Change is in the Air at the Jacksonville Symphony

symphony sepoct15 600As summer continues its march towards back to school and the Jacksonville Symphony season, there is a definite feeling of “change” in the air at the Times-Union Center for the Performing Arts. The 2015-2016 Jacksonville Symphony season will be the first full season with Music Director Courtney Lewis at the helm. He, along with Symphony President and Chief Executive Officer Robert Massey, has promised patrons that this season will be about “more” and “different.” More in the sense that the Symphony will be reaching out to engage the community in a number of different venues and different in the selections that are being played during the Masterworks series along with different types of events such as Symphony in 60.
“This season is designed to appeal to everyone in North Florida who has a love of live music,” said Robert Massey. “We are honored to serve this community through exciting, impactful and engaging symphonic experiences and look  forward to ushering in this new era with such incredible and diverse programs.”
“This year’s programming is what I want the Jacksonville Symphony to be all about: the classics, familiar or perhaps unknown, new music that I know you will love, and established masterpieces to move and delight,” said Courtney Lewis. “It’s with this repertoire, our new concert programs and an increased engagement with our community that we will build the orchestra of the 21st century in Jacksonville.”
The Symphony season will open with a series of free concerts at three venues — the St. Augustine Amphitheatre, Unity Plaza and the Times-Union Center for the Performing Arts. A black tie optional celebration will highlight opening weekend, October 9 through 11, when the Symphony will play Holst’s The Planets. Look for more information about the fun that will surround Courtney Lewis’ opening night as Music Director.
Also new this year is Symphony in 60, a concert series that features 60 minutes of music on a Thursday night, with plenty of time following the presentation to enjoy a drink and hors d’oeuvres with Symphony musicians and friends. The first Symphony in 60 will be November 12 and start at 6pm so patrons can go directly from the office to the party.
Besides events for young professionals, the Symphony is strengthening its offering to youth. All children 18 and younger will be able to attend the Masterworks concert series for free with an adult who purchases a ticket. This is in addition to the Sound Check card that costs $25 and offers students up to the age of 25 admission to all Masterworks, Coffee and other select concerts for an entire season.
There is a special Family Series of three concerts on Sunday afternoons:  Oct. 25, Jan. 17 and Feb. 28. They are designed to fascinate younger patrons and guests coming early can participate in fun activities such as Instrument Zoo.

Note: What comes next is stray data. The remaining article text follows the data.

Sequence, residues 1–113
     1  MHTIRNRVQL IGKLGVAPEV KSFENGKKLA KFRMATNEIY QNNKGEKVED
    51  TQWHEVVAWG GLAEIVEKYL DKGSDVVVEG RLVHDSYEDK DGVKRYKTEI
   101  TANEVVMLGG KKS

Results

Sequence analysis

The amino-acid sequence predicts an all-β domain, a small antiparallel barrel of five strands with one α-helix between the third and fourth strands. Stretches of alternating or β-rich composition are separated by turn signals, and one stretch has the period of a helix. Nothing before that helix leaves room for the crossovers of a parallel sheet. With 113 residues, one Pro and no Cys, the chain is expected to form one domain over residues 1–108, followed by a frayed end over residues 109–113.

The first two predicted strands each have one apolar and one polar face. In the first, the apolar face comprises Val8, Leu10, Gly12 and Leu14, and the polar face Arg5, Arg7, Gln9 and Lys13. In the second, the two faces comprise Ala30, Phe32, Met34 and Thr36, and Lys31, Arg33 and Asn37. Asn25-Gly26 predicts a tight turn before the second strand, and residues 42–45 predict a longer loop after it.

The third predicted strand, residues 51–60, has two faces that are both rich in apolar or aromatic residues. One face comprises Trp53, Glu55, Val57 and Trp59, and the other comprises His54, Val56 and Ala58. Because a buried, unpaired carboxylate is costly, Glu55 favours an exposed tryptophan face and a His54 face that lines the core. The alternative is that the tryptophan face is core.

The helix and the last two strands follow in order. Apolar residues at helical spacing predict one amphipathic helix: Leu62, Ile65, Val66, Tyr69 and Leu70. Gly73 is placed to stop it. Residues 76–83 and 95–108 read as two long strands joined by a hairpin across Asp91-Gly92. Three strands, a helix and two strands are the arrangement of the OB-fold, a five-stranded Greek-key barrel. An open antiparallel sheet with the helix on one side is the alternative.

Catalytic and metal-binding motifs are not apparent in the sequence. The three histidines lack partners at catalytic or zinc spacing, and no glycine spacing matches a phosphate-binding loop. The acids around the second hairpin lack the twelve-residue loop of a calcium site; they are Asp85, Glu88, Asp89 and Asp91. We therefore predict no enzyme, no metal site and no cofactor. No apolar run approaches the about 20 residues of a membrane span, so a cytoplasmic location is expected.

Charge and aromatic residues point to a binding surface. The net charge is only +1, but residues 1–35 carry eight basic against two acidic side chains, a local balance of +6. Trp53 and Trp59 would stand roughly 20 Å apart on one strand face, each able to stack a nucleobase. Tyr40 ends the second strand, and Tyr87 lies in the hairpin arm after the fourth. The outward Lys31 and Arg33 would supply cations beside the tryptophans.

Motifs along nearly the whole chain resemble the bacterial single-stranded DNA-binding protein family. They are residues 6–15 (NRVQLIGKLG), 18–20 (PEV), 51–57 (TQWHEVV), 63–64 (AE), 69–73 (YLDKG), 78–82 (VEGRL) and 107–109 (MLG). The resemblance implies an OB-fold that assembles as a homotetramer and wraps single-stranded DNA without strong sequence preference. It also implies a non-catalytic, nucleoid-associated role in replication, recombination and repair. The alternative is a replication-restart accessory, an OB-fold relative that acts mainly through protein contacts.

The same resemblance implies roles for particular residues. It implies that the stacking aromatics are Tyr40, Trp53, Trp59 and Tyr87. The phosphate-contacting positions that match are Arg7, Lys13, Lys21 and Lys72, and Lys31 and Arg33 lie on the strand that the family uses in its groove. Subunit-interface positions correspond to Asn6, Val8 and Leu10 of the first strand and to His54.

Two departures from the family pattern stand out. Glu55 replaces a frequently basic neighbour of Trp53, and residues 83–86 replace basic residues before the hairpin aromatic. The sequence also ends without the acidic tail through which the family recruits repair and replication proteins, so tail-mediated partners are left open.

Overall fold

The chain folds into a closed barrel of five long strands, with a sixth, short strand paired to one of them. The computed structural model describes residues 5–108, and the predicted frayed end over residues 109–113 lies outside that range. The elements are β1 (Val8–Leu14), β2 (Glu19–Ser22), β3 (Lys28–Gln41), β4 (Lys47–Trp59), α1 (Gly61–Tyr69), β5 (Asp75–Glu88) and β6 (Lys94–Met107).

Another new feature of the 2015-2016 season is a planned residency that the Symphony is going to conduct in Clay County. The Symphony will be performing at various venues throughout the county, visiting Clay County schools and performing at the Thrasher-Horne Center for the Arts.
Special events will highlight the season. A much anticipated series will have the Symphony playing along with movie favorites.  The first of these movie programs will be December 5 and feature clips from the Pixar films including “Toy Story” and “Cars.” This will be followed on March 12 with the classic “Back to the Future” and then on April 9, Steven Spielberg’s famous “E.T. The Extraterrestrial.”
Other out-of-this-world items include a Star Wars movie concert which will be conducted on Dec. 3 just in time for the holiday release of the new movie in the Star Wars series.
Special entertainment includes the popular jazz band, the Hot Sardines, who will be joining the Symphony on February 22. And on the other end of the musical spectrum, world renowned violinist Joshua Bell will join the Symphony on February 27 for its Gala.
Besides the music, the Symphony plans some major announcements about their marketing efforts including the total redesign of its website,, to make it easier for people to purchase tickets, hear music and learn more about the musicians of the Symphony. Look for announcements on the website sometime in September.
The Jacksonville Symphony is North Florida’s leading music nonprofit offering live performances at Jacoby Hall in the Times-Union Center for Performing Arts and other venues throughout the area. In addition, the Symphony provides music instruction for youth and operates the Jacksonville Symphony Youth Orchestra.
For more information about the Symphony,
visit, like them at, follow them on Twitter @jaxsymphony and on Instagram at JaxSymphony.
To purchase tickets, call 904-354-5547.

Author: Arbus

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